It's been quite some time since I've provided an update regarding my ocean rowing plans, or any blog post for that matter. Over a year, in fact - it seems like a flash. But fear not, my time was spent wisely (for the most part) and progress was made. It turns out custom boats are ridiculously expensive - big surprise! Perhaps I should've set aside a few more shekels along the way. Regardless, I began searching for a builder to construct my boat and this newfound obstacle became readily apparent. Because of this, the project is now labeled Pacific Ocean Row 2017, a one year delay. In the scramble of attempting to make a 2016 departure and recognizing a budgetary deficit, I searched for sponsors and attempted a crowdfunding campaign to no avail. Not deterred, I began looking for employment that would enable me to fund the trip.
Luckily, I found a job that should provide the funds I need for a summer 2017 departure. I also found a builder on the west coast near my departure location in Portland, OR called Schooner Creek Boat Works. I apprehensively signed a build contract in January 2016 with the knowledge that I didn't have the funds available to complete the build. However, it was a necessary risk to prevent further delays. The build commenced and the progress is looking great! For ongoing updates and photographs see www.jacobadoram.com/thebuild.
My current employment is a pilot job outside of the United States in faraway lands. It's definitely not ideal being this far from the build, but so far it's working well. The fine folks at Schooner Creek are graciously allowing me to help with the build when I'm in town and are very supportive and accommodating in regard to my unique constraints.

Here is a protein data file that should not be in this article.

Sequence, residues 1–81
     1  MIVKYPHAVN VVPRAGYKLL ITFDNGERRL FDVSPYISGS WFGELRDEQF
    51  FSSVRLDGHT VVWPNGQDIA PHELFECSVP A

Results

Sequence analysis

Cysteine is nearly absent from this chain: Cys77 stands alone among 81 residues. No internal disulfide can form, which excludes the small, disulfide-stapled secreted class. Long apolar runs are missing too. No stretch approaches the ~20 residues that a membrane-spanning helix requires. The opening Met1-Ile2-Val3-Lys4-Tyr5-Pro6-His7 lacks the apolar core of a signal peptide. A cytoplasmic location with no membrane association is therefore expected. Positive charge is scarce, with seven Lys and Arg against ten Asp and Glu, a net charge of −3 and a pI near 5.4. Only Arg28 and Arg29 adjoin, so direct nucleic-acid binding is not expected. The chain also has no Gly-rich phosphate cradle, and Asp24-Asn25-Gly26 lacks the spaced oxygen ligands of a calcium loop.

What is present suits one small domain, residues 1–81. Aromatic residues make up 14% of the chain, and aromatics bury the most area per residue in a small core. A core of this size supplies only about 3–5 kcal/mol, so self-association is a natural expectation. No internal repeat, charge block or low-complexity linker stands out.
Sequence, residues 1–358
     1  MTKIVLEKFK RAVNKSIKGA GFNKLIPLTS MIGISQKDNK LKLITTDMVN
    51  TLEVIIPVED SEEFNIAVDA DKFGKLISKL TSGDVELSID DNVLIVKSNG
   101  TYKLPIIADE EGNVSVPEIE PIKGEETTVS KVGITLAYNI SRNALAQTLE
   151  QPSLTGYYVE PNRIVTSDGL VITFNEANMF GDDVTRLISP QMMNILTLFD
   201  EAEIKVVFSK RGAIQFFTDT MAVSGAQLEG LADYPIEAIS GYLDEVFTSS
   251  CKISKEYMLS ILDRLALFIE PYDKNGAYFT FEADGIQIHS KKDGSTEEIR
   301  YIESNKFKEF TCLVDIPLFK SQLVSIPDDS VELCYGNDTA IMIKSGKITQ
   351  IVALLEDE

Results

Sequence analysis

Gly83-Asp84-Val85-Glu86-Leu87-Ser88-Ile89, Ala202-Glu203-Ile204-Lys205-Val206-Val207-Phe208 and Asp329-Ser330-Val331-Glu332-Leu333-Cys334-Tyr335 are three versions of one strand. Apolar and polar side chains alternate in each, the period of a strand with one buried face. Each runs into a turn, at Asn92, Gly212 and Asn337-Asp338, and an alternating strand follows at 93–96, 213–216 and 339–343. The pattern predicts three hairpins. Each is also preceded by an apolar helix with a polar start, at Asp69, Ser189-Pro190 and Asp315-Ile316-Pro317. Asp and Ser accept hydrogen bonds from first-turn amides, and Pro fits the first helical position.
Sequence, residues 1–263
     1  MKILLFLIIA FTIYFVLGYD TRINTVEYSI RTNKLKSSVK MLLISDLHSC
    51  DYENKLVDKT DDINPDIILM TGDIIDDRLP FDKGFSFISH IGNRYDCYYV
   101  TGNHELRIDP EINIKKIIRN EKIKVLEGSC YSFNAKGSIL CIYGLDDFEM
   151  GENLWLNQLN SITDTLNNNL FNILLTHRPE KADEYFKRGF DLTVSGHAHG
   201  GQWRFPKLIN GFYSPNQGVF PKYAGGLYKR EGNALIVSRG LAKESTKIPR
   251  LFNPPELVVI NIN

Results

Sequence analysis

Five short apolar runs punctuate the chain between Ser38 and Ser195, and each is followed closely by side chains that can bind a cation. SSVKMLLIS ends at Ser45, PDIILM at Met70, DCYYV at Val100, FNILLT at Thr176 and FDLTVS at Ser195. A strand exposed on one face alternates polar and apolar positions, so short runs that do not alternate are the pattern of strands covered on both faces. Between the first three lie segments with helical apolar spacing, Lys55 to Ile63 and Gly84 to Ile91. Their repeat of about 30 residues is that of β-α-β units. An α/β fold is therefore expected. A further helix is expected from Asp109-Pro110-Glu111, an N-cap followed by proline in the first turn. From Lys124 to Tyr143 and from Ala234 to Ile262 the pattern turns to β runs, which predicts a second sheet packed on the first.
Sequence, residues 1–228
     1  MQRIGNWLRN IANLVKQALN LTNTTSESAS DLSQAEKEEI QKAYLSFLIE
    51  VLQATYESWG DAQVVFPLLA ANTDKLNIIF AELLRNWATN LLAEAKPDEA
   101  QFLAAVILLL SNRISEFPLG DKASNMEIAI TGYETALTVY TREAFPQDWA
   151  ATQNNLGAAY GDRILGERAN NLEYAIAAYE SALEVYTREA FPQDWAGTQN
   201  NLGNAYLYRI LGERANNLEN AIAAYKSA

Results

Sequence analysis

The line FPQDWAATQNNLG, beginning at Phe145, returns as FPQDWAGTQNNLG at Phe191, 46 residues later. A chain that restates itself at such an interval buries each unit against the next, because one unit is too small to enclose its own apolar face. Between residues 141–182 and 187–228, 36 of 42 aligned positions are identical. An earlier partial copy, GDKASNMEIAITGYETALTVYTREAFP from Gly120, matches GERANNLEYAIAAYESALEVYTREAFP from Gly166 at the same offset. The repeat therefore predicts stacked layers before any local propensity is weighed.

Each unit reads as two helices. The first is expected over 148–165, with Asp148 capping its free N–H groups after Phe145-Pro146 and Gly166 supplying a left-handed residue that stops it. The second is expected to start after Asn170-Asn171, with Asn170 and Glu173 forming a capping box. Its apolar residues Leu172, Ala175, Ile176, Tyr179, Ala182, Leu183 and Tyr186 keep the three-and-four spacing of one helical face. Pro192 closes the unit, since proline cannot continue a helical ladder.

In more good news, a design brief of my boat was featured in Professional Boatbuilding Magazine, Issue #161, June/July 2016, written by the naval architect Eric Sponberg. It provides a great overview of the design considerations while developing the architectural plans. You can read the article at www.jacobadoram.com/thedesign. I also found a nutritionist out of Oregon State who is helping me develop an appropriate diet for the journey, and I even found a personal trainer to help with my physical requirements while overseas.
Lastly, I found a filmmaker by the name of Dave Unitan who is creating a documentary of my journey (www.daveunitan.com). We've already had some interviews, he's recorded me with a drone while kayaking on the Colombia River, and he's captured some footage of the build currently underway. It's just the beginning, but it's pretty exciting and also a bit nerve-racking. I've always been fairly private, so the acute awareness of being fully on display stirs feelings of vulnerability and nags at my insecurities. But isn't that partly the point of all this? It's facing challenges head on, facing fears, and seeing insecurities for what they truly are. It's getting a clear view of all your doubts under a glaring light and staring them down until they dissolve into nothing. Something like that.
So that's what transpired over the past year. While my original plan for a 2016 departure failed, each obstacle is gradually being pushed aside. By the way, I successfully finished my bicycle ride across the country, but obviously failed to write about the overall experience. Apologies for maintaining a blog without posts. I'll just say it was an awesome trip with great scenery and amazing people along the way. The objectives were met. Other than the four previous blog entries, I didn't write much more about it, maybe I should've. Upon completion, instead of lingering in thought about the trip, I immediately turned to getting a boat built. I'm still working on this writing thing, staying motivated, and fending off the insidious objects of my attention. And again springs another insecurity - putting my words out there doesn't come with comfort. At least not yet.